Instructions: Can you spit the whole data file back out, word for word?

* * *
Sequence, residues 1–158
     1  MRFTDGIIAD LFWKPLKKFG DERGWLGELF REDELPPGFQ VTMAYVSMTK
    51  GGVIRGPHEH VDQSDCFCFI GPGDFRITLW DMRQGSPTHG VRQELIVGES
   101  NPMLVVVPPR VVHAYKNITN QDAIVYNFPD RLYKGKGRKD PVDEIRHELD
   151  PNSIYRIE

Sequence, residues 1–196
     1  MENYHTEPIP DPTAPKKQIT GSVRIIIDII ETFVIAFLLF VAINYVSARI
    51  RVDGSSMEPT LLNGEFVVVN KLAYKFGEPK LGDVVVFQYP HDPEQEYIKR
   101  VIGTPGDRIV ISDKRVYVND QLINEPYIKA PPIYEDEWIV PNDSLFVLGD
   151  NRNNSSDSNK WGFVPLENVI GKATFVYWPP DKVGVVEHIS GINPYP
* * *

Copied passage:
Sequence, residues 1–158
     1  MRFTDGIIAD LFWKPLKKFG DERGWLGELF REDELPPGFQ VTMAYVSMTK
    51  GGVIRGPHEH VDQSDCFCFI GPGDFRITLW DMRQGSPTHG VRQELIVGES
   101  NPMLVVVPPR VVHAYKNITN QDAIVYNFPD RLYKGKGRKD PVDEIRHELD
   151  PNSIYRIE

Sequence, residues 1–196
     1  MENYHTEPIP DPTAPKKQIT GSVRIIIDII ETFVIAFLLF VAINYVSARI
    51  RVDGSSMEPT LLNGEFVVVN KLAYKFGEPK LGDVVVFQYP HDPEQEYIKR
   101  VIGTPGDRIV ISDKRVYVND QLINEPYIKA PPIYEDEWIV PNDSLFVLGD
   151  NRNNSSDSNK WGFVPLENVI GKATFVYWPP DKVGVVEHIS GINPYP